A new Microsoft survey identifies the various elements that employers need to be mindful of if they are to retain talent during the transition to hybrid working.

According to a new survey conducted by Microsoft, almost three-quarters of workers (73 per cent) want flexible remote work options to continue post-pandemic. Over two-thirds (67 per cent) also desired to spend more in-person time with their teams, indicating a strong desire for hybrid working moving forward.

However, newfound flexibility brought on by the pandemic has also enabled employees to consider their choices – with 46 per cent of the global workforce considering leaving their employers this year. This indicates that hybrid working is a transition employers must get right if they wish to keep and attract top talent.

In particular, the report stressed that employers need to empathise with their employees as the pandemic continues. It was business leaders, largely Millennials or Gen X, male, information workers, and being far ahead in their career, who were most likely to report they were thriving during the pandemic (61 per cent).

Conversely, groups such as working mothers (54 per cent), Gen Z (60 per cent), frontline workers (61 per cent) and new employees that had been at their firm for less than a year (64 per cent) were much more likely to report that they were struggling.

As such, the report advises that leaders should make an active effort to empathise with employees, initiating conversations to understand how staff are coping and identify areas where employers can help more.

Another way employers can help staff is encouraging them to take breaks and cultivate an effective work-life balance. Over half (54 per cent) of the global workforce said they felt overworked whilst almost two-fifths (39 per cent) reported feeling exhausted.

Furthermore, disconnect with employers was particularly felt here with almost one in five global survey respondents saying their employer does not care about their work-life balance.

Dr. Mary Donohue, Founder of The Digital Wellness Centre, advised that, to reduce risk of burnout, staff should “take a few minutes every day to have quiet”. This gives employees a break from “digital overload”, a term used to describe the enormous rise in time spent in meetings and chats over the past year.

A final finding from Microsoft included the need for more support for Gen Z. For this generation and for those starting out in their careers, this time has been deemed as “very disruptive”.

George Anders, LinkedIn Senior Editor-at-Large, said:

It’s very hard [for Gen Z] to find their footing since they’re not experiencing the in-person onboarding, networking, and training that they would have expected in a normal year.

The report calls for employers to ensure that Gen Z feels a sense of purpose and wellbeing as an urgent business imperative in the shift to hybrid.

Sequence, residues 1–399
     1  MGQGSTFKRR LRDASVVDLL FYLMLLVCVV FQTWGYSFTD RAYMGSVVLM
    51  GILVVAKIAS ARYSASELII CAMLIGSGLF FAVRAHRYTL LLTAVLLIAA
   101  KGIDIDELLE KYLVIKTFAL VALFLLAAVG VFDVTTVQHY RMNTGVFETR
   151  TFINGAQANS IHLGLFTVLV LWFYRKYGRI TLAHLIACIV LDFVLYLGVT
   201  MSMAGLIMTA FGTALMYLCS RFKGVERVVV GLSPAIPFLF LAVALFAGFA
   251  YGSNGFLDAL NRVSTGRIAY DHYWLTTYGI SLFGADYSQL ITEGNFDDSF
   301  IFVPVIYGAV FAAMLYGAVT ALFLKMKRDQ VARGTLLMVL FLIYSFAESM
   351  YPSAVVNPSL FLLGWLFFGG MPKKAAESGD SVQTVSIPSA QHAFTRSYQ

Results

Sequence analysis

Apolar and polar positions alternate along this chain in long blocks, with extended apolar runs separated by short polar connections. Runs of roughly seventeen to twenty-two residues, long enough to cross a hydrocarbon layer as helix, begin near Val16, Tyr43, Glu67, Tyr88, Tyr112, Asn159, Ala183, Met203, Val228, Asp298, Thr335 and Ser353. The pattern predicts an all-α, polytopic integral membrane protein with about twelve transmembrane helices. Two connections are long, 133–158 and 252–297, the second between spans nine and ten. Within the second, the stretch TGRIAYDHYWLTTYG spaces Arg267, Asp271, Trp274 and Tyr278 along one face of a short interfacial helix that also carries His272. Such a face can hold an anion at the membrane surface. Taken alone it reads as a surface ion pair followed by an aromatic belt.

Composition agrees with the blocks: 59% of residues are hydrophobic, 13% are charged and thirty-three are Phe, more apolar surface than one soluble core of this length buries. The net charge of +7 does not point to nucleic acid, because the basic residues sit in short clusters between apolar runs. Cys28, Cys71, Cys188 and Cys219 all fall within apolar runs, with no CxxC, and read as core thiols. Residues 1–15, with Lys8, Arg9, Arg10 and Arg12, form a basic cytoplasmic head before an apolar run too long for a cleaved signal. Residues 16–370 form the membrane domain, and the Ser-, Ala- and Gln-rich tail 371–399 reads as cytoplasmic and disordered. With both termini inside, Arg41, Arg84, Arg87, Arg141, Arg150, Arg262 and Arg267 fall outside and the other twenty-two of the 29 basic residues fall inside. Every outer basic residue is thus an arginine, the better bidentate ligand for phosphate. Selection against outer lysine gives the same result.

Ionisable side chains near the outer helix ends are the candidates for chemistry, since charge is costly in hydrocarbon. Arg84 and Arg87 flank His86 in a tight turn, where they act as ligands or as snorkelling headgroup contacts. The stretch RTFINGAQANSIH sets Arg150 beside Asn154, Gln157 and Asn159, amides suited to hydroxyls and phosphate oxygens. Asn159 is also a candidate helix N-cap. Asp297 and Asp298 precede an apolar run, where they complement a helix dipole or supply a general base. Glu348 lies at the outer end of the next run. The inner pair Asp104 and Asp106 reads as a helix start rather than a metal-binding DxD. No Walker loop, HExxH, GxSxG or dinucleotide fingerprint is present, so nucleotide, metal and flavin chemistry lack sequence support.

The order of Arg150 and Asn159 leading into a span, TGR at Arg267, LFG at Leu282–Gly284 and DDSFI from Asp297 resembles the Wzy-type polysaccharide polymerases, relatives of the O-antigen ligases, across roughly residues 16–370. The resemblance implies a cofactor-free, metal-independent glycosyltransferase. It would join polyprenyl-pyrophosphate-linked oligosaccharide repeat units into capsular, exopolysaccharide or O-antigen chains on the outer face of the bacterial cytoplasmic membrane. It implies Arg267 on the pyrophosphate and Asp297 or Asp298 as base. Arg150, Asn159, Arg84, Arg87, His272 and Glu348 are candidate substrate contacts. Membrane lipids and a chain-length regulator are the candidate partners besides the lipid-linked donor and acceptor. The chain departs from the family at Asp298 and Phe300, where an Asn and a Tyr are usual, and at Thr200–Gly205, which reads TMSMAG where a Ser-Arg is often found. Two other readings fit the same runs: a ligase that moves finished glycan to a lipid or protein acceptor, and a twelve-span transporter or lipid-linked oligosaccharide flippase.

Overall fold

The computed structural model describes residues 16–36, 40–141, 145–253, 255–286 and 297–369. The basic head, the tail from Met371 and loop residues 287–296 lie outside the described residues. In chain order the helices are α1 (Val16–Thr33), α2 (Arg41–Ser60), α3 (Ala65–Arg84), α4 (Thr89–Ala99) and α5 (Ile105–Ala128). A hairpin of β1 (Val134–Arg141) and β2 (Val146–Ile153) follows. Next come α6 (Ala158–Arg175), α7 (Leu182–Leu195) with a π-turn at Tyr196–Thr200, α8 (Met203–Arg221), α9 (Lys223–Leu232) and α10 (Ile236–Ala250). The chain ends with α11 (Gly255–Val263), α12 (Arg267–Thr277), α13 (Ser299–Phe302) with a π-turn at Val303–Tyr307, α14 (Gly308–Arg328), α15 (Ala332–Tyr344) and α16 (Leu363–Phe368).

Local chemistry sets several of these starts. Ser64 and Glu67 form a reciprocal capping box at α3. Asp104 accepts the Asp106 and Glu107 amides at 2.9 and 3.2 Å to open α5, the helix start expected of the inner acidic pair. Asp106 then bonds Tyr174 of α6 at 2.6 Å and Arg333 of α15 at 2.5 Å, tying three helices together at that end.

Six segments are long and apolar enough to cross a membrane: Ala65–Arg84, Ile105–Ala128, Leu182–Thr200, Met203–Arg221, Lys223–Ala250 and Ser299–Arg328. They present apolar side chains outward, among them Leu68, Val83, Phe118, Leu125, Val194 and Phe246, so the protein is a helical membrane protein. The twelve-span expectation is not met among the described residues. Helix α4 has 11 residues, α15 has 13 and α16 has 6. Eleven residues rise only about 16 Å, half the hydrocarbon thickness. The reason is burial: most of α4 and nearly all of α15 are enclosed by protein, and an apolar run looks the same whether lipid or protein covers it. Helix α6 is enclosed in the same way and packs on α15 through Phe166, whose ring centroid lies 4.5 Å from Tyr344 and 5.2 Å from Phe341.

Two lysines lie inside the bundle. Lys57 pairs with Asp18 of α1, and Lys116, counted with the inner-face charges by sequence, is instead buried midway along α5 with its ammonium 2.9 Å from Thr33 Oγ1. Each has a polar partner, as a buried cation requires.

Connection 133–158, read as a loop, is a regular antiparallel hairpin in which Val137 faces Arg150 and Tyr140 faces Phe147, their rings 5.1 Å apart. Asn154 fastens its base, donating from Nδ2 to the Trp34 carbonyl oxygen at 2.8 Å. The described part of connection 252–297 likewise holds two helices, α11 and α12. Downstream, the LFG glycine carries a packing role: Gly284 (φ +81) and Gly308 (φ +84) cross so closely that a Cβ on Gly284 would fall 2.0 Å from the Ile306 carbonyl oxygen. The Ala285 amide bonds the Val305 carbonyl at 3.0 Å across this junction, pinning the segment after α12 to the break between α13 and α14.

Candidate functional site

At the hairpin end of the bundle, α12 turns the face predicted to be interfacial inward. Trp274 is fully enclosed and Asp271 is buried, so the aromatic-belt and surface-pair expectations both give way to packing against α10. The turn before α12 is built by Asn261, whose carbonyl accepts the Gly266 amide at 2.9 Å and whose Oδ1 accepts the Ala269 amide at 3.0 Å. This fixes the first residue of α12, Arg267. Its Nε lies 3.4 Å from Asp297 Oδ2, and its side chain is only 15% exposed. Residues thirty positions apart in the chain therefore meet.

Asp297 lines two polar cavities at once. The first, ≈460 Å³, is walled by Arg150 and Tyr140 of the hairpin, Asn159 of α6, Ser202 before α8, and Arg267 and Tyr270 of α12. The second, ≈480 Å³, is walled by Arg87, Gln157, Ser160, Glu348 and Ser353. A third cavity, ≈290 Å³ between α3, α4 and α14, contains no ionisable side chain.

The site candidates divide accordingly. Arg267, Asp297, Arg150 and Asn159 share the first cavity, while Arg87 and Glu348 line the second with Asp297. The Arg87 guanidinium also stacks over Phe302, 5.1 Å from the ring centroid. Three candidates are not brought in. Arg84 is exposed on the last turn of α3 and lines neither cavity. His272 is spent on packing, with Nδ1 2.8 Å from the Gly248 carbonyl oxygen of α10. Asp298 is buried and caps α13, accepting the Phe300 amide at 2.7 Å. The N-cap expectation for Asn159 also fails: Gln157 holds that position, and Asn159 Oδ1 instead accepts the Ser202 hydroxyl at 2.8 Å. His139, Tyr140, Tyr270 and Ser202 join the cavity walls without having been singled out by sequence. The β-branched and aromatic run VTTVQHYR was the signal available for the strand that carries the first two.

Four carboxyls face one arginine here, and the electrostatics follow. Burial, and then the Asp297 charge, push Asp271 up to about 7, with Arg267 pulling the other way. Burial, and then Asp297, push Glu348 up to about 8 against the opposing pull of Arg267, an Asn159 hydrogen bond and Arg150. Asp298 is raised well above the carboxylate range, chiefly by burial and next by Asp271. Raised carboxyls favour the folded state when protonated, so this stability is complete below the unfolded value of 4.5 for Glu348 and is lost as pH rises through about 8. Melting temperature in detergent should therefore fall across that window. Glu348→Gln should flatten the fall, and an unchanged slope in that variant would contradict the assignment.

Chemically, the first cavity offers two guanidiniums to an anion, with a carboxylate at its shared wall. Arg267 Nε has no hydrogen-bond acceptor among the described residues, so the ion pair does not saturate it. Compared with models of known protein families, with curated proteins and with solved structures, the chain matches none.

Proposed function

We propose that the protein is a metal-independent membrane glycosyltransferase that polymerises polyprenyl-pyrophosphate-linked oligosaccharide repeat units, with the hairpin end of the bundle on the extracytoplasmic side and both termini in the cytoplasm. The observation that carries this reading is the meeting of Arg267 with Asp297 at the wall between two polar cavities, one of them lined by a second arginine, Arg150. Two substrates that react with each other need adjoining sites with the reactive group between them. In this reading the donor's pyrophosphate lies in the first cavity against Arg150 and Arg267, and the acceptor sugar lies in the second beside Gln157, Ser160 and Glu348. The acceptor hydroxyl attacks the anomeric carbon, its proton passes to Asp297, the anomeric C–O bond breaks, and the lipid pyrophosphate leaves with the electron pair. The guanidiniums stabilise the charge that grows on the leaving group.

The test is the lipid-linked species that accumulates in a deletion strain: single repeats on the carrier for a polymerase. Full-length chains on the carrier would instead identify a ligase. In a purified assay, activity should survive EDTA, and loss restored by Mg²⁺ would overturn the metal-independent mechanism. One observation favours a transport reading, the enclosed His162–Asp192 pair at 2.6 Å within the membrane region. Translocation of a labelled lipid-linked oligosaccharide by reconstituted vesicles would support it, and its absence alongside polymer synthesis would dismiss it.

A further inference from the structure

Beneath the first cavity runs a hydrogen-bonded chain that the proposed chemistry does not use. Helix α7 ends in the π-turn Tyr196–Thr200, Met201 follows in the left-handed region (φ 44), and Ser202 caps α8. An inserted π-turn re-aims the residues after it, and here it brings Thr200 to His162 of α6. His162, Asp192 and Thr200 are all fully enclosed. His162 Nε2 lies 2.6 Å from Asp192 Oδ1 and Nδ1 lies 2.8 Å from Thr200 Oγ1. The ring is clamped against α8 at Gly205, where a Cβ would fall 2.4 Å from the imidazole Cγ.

Microsoft identifies key points that employers should implement moving forward to make hybrid working successful:

  • Creating a plan to empower people for extreme flexibility
  • Investing in space and technology to bridge the physical and digital worlds
  • Combatting digital exhaustion from the top
  • Rebuilding social capital is a business imperative
  • Rethinking employee experience to compete for the best and most diverse talent

The conclusion of the report states:

The choices leaders make in this next phase of hybrid work will impact an organisation’s ability to compete for the best talent, drive creativity and innovation, and create an inclusive work environment for years to come. It will require a significant mental shift to rewire your operating model to meet new employee expectations.

There’s no doubt that challenge and uncertainty lie ahead. But this moment also offers leaders a powerful opportunity to unlock new ways to achieve everything from wellbeing and work-life balance to an inclusive and authentic company culture — and experience better business outcomes along the way. If we embrace extreme flexibility, follow data insights, and continue listening closely to employee needs, together we can create a better future of work for everyone.

*The Work Trend Index survey was conducted by Edelman Data x Intelligence, an independent research firm, among 31,092 full-time employed or self-employed workers across 31 markets between January 12, 2021 to January 25, 2021. The full report can be found here.





Monica Sharma is an English Literature graduate from the University of Warwick. As Editor for HRreview, her particular interests in HR include issues concerning diversity, employment law and wellbeing in the workplace. Alongside this, she has written for student publications in both England and Canada. Monica has also presented her academic work concerning the relationship between legal systems, sexual harassment and racism at a university conference at the University of Western Ontario, Canada.